#HappyHeadlines: Countries reopen, masking initiatives and other hopeful news stories to help you embrace the new normal
Life goes on
Face masks at the ready and hands slathered in gel, people stand at a safe distance from one another as they line up for a temperature check to enter the supermarket—it seems as if this is what life in the new normal will look like for the foreseeable future.
As the spread of the virus slows around the world, cities are slowly ending stringent stay-at-home measures by reopening their doors and humming back to life, bringing the millions that were confined to their homes back outside. But when people reunite with friends, return to the office space and even have their first meals out, distancing will remain encouraged, protective coverings recommended and mass gatherings prohibited to safeguard against the fear of a new wave of infections.
Things have already changed whether we like it or not and instead of wishing for what used to be, let's embrace this new, strange reality by finding alternative ways to bring about change and live our lives for the better.
Ahead, this week's roundup of constructive news stories that point towards a taste of things to come to inspire you with hope.
Countries reopen around the world
After two months of lockdown, Italy opened its doors for the first time on Monday following a reduce in the number of cases in what was once the epicentre of Europe. Restaurants, churches and even hair salons reopen under government safety measures across the country in a bid to avoid further economic damage, with sports centres, gyms and cinemas to be allowed to reopen by mid-June if the virus spread remains minimal.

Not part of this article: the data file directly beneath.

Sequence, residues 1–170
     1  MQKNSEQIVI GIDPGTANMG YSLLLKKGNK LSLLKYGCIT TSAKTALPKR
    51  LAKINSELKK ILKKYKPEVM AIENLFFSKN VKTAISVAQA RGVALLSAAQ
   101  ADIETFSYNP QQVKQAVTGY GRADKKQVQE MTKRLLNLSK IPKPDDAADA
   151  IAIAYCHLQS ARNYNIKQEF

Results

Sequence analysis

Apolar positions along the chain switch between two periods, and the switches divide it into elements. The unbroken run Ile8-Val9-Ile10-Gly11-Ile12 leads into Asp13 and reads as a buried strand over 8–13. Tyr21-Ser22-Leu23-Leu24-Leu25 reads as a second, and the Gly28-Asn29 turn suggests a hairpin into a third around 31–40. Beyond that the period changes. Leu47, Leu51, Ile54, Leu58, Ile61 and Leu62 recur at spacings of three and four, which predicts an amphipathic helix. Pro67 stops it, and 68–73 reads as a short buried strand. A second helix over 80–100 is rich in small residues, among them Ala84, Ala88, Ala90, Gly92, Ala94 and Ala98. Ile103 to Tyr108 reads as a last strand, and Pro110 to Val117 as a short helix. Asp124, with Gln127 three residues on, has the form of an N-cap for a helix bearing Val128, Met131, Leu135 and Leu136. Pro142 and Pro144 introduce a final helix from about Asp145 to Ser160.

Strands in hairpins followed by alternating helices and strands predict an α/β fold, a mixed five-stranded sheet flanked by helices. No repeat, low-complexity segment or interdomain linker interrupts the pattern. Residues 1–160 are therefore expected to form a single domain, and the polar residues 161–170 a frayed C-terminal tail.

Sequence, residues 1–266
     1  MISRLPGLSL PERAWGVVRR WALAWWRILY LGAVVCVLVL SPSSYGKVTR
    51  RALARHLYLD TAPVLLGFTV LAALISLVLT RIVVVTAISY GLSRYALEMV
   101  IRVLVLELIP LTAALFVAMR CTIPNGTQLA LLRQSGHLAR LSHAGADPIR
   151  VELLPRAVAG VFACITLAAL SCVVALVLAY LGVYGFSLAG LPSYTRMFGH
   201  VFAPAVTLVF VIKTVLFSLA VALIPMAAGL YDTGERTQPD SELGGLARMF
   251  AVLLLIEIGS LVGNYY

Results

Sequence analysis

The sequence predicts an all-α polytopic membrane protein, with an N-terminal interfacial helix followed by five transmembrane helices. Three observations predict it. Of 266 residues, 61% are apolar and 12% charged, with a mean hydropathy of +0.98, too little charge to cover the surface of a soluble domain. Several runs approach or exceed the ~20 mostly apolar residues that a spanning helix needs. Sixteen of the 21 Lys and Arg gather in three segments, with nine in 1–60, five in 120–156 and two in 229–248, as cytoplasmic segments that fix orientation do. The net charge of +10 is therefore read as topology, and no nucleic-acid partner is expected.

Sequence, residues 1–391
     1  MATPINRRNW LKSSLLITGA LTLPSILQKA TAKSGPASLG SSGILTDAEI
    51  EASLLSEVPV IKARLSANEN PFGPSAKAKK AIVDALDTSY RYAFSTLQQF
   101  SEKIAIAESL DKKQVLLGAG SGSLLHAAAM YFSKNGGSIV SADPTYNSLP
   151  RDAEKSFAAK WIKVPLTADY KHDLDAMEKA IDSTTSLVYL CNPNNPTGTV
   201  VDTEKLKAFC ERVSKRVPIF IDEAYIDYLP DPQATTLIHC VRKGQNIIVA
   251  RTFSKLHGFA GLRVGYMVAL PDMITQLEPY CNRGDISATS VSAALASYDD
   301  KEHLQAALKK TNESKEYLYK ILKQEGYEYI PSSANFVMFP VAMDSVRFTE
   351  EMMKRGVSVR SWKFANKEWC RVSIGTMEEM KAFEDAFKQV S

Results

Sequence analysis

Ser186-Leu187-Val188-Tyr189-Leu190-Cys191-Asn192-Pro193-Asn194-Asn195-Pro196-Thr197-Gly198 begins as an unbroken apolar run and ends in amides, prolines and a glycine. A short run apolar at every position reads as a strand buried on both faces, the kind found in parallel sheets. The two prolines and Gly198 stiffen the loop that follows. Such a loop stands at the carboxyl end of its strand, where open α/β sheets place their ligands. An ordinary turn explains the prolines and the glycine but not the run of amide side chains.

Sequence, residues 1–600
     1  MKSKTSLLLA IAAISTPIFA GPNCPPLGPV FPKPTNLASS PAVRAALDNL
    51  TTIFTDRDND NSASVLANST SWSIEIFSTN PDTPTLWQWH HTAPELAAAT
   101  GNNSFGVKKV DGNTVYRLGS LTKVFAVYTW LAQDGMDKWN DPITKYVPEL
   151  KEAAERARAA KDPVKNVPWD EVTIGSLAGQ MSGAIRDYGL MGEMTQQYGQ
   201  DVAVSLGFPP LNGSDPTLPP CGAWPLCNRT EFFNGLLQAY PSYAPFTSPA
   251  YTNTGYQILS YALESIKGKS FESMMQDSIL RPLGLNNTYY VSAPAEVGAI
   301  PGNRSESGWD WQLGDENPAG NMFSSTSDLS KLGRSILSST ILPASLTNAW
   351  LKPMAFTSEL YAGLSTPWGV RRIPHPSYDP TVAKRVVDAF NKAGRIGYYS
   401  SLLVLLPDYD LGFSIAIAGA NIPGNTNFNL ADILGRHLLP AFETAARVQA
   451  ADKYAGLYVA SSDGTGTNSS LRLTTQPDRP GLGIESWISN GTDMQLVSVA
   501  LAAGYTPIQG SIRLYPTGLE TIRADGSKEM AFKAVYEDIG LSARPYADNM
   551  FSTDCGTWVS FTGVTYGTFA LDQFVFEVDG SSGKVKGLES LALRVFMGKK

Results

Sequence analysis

Other European countries followed suit at the beginning of the week:
- Spain moved into phase one of its four-phase reopening system, allowing up to 10 people to meet together along with the opening of cinemas, museums and theatres at reduced capacity.
- Over in Greece, churchgoers attended Sunday service for the first time in two months after the ban on mass gatherings was eased.
- Belgium has begun to reopen primary and secondary schools with strict conditions, as well as zoos and museums—albeit only to those who book online to limit numbers.
In other parts of the world, Singapore announced on Tuesday that it would gradually reopen its borders with safeguards in place to allow its citizens and foreigners to enter and exit for essential activities. This will be done separately from their planned phases of re-opening when they exit the "circuit breaker" on June 1.
Students in South Korea are returning to school in stages after government health officials declared that the country may have avoided a "second wave" of infections, while Islam's third holiest site, the Al-Aqsa mosque in Jerusalem, will reopen next week to worshippers after the conclusion of a major holiday marking the end of the holy fasting month of Ramadan—the first time since March.
Cranes reunite families in Belgium
Residents of high-rise nursing homes in Belgium have been isolated from their families for weeks. Tristan Van den Bosch, manager of Group-f maintenance company decided to help out by using cranes to reunite families by raising them up to the upper floors to see their relatives. "We're happy that we have been able to help people," Van den Bosch told ABC News.
It's never been safer for pedestrians in New York
As of last Tuesday, New York City went 58 days without recorded pedestrian deaths as a result of road accidents—the longest period since the city started recording fatalities in 1983. This was attributed to 51 days of life under stay-at-home order, according to the Transportation Commissioner.
African Masks initiative distribute free masks to halt coronavirus spread